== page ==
The federal government hopes a new biomedical research centre will help overcome Australia’s less than stellar record at making something real from its basic research.
The deal announced Thursday sees the birth of the M2 precinct where CSIRO and Monash University cosy up to create a biomedical commercialisation centre. The arrangement includes the Monash Health Translation Precinct (MHTP) and CSIRO’s new Biomedical Materials Translation Facility (BMTF).
Industry minister Arthur Sinodinos was on hand to talk up the facility which is housed on Monash uni’s Clayton, Victoria campus and give it a ‘jobs and growth’ spin.
“From life-changing cochlear implants, to life-saving vaccines, world-first 3D printed bone and tissue replacements, Australia has an incredible track record when it comes to medical technologies and pharmaceuticals,” Senator Sinodinos said.
“M2 will help to accelerate development of technology like this, not only vital for the improvement of the lives of Australians facing medial challenges, but also leading to job and economic growth for Australia.”
The facility aims to be a one-stop commercialisation shop for the more than 500 local medtechs, many of which are SMEs without the wherewithal to fast track promising research to market.
“When a company comes to us we can use CSIRO and MHTP facilities to develop and analyse production scale prototypes, whilst the Monash Biomedical Imaging facility can provide advanced pre-clinical and clinical testing and imaging,” said CSIRO Director of Manufacturing Dr Keith McLean.
The facility hopes to usher promising SME biomedical research through the translational phase where many projects bite the dust.
In a video accompanying CSIRO’s presser, Dr Gordon McPhee from MHTP describes the dangers of this ‘valley of death.’
“The translational phase is something that’s often referred to as the “valley of death” for potential medical treatment. It’s where you are in a research environment, you have promising results that you need to trial in humans, in phase one clinical trials in humans and that step has traditionally been very expensive, with clean room space being very limited,” Dr McPhee said.
Industry group the Association of Australian Medical Research Institutes (AAMRI) also hopes M2 will keep biomedical SMEs from an early demise in the valley of death.
“It’s acknowledged that the ‘valley of death’ between discovery and commercialisation is not just a problem in Australia, but around the world,” an AAMRI spokesperson said in a written statement.
“Initiatives such as M2 that bring people together to help accelerate the delivery of health benefits from research are vital to overcoming this. Both the Medical Research Future Fund and the Biomedical Translation Fund also offer new opportunities for Australia to be a world leader in research translation.
CSIRO, Monash and the government are keen for Australia to cash in on the burgeoning medical technologies and pharma market, which is expected to be worth almost $3 trillion by 2025 and could possibly add $18 billion and 28,000 new jobs to the Australian economy over the next eight years.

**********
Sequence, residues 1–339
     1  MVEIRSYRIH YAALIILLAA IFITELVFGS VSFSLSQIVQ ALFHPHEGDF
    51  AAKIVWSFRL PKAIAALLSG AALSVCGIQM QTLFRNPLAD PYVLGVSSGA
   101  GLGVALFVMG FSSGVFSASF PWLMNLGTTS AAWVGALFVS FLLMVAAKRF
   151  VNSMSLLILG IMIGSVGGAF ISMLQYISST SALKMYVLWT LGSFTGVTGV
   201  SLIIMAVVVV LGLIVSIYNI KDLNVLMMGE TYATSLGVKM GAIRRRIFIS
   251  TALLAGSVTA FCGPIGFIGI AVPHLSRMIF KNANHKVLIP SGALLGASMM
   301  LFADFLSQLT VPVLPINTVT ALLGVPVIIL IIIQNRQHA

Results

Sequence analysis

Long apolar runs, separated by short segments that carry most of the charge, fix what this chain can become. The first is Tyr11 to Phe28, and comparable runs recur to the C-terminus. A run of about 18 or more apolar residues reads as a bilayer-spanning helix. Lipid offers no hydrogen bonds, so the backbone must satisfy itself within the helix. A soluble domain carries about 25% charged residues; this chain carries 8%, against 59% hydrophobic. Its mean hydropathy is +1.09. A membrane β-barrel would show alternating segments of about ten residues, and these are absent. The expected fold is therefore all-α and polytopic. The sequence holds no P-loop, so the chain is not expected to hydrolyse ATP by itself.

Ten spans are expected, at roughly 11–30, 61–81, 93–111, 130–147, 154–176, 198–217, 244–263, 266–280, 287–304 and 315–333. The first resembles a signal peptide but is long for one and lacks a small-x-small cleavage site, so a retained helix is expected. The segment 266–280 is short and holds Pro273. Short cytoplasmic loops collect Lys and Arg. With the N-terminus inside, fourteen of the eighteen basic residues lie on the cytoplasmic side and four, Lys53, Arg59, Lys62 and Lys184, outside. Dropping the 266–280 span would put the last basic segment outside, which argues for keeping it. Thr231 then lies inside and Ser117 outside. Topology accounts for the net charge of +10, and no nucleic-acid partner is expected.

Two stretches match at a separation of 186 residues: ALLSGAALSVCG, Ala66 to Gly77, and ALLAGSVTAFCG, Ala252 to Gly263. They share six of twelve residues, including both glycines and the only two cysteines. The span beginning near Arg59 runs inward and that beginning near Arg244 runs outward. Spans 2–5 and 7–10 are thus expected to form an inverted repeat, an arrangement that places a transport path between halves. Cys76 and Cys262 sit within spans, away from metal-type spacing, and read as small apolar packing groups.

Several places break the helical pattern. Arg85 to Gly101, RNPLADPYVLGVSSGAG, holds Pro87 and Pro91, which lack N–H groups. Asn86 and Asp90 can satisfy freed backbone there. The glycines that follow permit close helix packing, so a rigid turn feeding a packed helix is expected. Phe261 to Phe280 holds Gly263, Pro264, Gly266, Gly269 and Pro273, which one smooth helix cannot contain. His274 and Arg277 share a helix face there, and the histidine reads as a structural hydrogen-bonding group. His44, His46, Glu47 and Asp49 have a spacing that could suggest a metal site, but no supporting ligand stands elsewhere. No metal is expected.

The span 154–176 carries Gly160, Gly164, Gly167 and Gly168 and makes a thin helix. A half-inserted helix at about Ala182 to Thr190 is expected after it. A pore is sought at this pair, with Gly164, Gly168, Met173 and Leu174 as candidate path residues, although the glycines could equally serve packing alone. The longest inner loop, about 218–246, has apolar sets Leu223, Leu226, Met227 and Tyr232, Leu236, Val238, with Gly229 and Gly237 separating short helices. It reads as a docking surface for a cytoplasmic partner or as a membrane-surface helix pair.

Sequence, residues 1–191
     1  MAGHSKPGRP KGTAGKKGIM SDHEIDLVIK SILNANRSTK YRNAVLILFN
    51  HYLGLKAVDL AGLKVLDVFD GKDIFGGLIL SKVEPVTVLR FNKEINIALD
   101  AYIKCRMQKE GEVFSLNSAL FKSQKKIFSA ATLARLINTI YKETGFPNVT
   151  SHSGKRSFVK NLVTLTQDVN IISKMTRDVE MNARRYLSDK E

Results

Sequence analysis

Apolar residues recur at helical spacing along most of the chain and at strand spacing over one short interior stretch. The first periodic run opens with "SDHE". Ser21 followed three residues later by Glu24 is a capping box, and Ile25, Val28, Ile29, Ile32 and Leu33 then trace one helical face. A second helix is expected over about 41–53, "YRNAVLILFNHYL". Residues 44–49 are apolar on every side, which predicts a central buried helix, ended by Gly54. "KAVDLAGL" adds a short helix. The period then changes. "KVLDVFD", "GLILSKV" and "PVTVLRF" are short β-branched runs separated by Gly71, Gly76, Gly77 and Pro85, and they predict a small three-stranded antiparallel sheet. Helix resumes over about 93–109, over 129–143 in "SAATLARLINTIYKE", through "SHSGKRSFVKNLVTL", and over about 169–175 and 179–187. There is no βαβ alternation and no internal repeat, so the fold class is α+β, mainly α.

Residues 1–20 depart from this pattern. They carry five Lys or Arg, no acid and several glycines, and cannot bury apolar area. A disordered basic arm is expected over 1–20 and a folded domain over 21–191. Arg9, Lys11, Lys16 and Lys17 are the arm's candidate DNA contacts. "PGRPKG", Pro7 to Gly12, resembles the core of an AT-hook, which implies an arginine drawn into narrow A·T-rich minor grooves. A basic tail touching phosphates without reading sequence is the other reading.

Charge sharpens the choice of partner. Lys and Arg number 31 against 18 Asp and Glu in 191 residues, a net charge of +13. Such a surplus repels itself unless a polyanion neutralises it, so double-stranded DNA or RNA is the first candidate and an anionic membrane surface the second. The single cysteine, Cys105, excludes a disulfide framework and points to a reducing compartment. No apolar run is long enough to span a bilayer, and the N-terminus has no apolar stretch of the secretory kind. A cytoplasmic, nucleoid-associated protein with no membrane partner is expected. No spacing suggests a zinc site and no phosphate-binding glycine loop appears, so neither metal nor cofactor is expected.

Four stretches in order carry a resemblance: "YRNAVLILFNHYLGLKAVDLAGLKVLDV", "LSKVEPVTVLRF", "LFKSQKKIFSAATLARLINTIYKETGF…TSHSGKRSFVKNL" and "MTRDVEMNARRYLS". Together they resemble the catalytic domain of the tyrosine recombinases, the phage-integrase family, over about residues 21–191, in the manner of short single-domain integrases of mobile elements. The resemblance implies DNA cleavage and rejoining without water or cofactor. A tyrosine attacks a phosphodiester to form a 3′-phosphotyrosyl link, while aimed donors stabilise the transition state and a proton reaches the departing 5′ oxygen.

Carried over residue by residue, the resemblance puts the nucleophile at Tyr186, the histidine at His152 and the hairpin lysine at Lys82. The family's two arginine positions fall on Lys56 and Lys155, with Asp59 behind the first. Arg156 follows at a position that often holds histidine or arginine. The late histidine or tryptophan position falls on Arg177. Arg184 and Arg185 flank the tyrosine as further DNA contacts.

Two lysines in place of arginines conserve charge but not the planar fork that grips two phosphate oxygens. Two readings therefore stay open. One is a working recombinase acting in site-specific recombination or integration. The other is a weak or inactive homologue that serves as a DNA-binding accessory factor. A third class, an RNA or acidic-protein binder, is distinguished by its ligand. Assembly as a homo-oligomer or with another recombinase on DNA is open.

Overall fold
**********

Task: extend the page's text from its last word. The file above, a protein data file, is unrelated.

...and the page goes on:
The facility may even help trim the country’s Medicare bill.
“This initiative will deliver real health benefits to all Australians. Our healthcare spending is expected to almost double to 16 per cent of GDP by 2040. Cheaper and more effective medical solutions are better for our health and Australia’s financial future,” said Monash University Provost and Senior Vice-President Professor Marc Parlange in a statement.
Senator Sinodinos had a busy day as he also announced Thursday a joint-venture with New Zealand that will see the Australian Synchrotron, which is operated by the Australian Nuclear Science and Technology Organisation (ANSTO), score $80.2 million in fresh funding.
The deal, which goes under the cute, techy moniker of Project BR-GHT sees the New Zealand Government and 10 New Zealand universities and research institutions get improved access to the Aussie synchrotron.
Getting the deal done was part of unlocking the $520 million over ten-year funding made available through the National Innovation and Science Agenda (NISA) last year.
Some of that cash is contingent on ANSTO securing third party capital investment for new beamlines which are the instruments that carry beams of synchrotron radiation. The beamlines are optimised for different research fields such as advanced manufacturing, food, medical and energy resources.
In a rare bipartisan moment Labor’s shadow for innovation, industry, science and research Kim Carr was pleased about the ANZAC-ing of the synchrotron.
“Labor welcomes today’s announcement that funding has been secured for expansion of the Australian Synchrotron, one of the nation’s premier research facilities,” Senator Carr said in a statement.
But then came the slap.
“The Abbott/Turnbull Government have been dragged kicking and screaming to deliver long term funding certainty to the Synchrotron and the scientists who work there,” Senator Carr said.
“Great science needs funding certainty, and landmark national facilities deserve long term secure funding, free from the types of threats exhibited in 2014 when funding for national research infrastructure was threatened as a part of the government’s failed negotiation tactics in the Senate.”